hosts.deny apparently ineffectual

I'm running a RedHat ES mail server (Postfix, Amavis, ClamAV), which has been barraged lately by the Zafi worm.  

Messages arrive from "" and one of three (so far) IP numbers.  

My hosts.deny file looks like this:


But these settings appear to have no effect (I restarted xinetd and have infact rebooted since changing settings).

I have an AT&T managed router and have had them deny the first two IP's, but almost immediately messages began to appear from a third.  I'd like to be able to take care of the denial on the server rather than the router (just to avoid needing to bug the AT&T people).

Would appreciate any suggestions.  I've never had to deny a host access before and feel like I'm missing something terribly obvious.  Points are based on some urgency.

Thank you!
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ahoffmannConnect With a Mentor Commented:
is amavisd called by the portmapper from inetd? or runs it as daemon?
In the latter case host.deny is not used, except amavisd does it itself, you need to check your docs
i.g. if your MTA (postfix) runs as daeomon hosts.deny is not in use
You need to tell postfix from which IPs to accept mail

and some more are your friends ..
suzdorrAuthor Commented:
Good information, ahoffman.  Don't think it'll be my solution, unfortunately.

Amavisd gets the mail first and does virus and spam checking before sending it on to post fix.  I'd like the mail rejected from the outset, since the whole process of virus scanning, message bouncing, and administrative notification consumes so much server time and log space.  (I'm getting a Zafi message every few seconds -- so my log is full of this junk.)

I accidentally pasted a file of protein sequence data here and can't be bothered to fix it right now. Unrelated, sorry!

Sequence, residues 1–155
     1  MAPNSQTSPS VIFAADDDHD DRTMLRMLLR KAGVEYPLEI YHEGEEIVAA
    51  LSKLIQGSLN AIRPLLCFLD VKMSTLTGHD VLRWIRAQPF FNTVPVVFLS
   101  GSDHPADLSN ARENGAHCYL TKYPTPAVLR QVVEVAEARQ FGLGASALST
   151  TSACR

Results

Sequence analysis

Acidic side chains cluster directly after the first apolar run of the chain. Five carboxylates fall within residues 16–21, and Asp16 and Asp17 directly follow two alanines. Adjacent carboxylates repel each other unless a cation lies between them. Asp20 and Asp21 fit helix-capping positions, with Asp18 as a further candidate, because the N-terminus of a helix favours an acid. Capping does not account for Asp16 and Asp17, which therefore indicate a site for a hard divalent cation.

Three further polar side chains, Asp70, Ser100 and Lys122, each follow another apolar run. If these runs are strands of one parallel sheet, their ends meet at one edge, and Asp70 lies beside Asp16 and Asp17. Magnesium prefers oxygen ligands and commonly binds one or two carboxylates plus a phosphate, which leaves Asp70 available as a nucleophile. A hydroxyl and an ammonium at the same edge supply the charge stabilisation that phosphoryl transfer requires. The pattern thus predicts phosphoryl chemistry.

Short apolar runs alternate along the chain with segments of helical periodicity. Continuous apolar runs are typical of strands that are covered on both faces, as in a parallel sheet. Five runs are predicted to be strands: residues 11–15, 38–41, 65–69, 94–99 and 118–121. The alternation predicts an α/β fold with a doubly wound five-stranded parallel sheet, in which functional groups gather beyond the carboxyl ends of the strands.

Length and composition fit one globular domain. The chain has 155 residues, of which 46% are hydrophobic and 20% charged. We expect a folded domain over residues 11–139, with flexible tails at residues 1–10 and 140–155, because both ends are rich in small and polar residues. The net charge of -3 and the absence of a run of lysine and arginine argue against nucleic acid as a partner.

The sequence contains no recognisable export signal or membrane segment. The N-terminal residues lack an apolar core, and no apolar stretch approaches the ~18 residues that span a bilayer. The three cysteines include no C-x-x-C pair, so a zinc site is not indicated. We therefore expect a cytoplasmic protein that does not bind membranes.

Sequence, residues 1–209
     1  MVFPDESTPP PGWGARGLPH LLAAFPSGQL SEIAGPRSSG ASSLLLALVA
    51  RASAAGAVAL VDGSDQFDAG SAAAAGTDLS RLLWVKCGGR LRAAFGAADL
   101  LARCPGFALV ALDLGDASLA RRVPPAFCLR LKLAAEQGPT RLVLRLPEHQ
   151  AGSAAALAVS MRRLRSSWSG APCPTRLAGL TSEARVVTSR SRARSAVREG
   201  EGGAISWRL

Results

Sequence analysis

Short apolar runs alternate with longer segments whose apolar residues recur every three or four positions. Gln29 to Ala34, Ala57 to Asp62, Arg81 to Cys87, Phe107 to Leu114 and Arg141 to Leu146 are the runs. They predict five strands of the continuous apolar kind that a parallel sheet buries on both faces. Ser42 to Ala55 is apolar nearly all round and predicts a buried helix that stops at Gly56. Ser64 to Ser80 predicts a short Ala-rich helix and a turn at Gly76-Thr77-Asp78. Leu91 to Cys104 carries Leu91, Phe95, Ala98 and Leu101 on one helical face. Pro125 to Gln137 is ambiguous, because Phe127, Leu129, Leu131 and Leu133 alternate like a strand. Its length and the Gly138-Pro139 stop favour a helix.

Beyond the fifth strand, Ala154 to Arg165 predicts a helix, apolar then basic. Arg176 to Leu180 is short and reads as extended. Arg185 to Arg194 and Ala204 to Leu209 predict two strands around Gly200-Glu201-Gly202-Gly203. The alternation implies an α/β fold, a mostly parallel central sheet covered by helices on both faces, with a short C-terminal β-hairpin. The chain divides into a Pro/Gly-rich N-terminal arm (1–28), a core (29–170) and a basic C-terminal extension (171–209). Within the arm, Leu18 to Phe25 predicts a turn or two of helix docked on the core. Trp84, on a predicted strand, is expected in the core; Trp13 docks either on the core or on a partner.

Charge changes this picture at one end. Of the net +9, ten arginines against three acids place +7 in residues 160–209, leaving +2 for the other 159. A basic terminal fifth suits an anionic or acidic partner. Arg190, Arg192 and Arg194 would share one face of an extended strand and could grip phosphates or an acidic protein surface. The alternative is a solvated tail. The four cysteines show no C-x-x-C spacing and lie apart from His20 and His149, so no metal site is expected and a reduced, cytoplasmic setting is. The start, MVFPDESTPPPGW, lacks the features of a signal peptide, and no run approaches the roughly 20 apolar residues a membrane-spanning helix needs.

I've put the IP number and name in my Amavisd blacklist, but that seems to have no effect.  Now that I know hosts.deny has no effect (thanks!) I'll do some further study of amavisd.conf to see what I might have missed.  If anyone has any thoughts about that, I'd be grateful.

MysidiaConnect With a Mentor Commented:
Generally hosts.deny is not used unless  the program is run from inetd using tcpd  or was linked against
the tcp wrappers library when compiled.

I think your best off installing/enabling Netfilter on the system and using iptables to filter out the connections earlier on
using the firewall configuration, i.e.

iptables -A INPUT -s  --dport 25 -j DENY

(and make sure firewall settings are saved in some manner so that the rules will reload at boot)

your other blacklist is still useful in case they get a new ip with the same domain
Lego_ManiacConnect With a Mentor Commented:
If you don't have iptables installed, you can also do the "poor man's firewall".  
Basically route the IP addresses into a black hole, so that return traffic can't reach the offending IP addresses.
SMTP requires a bidirectional communication, so if your traffic can't get back to them, they effectively can't open the SMTP connection (or any connection)

route add gw
(pick any unused IP that's local to your network)

This will cause some ARP-WHO IS traffic, but you can cure that with static arp entries:
arp -s aa:bb:cc:dd:ee:ff
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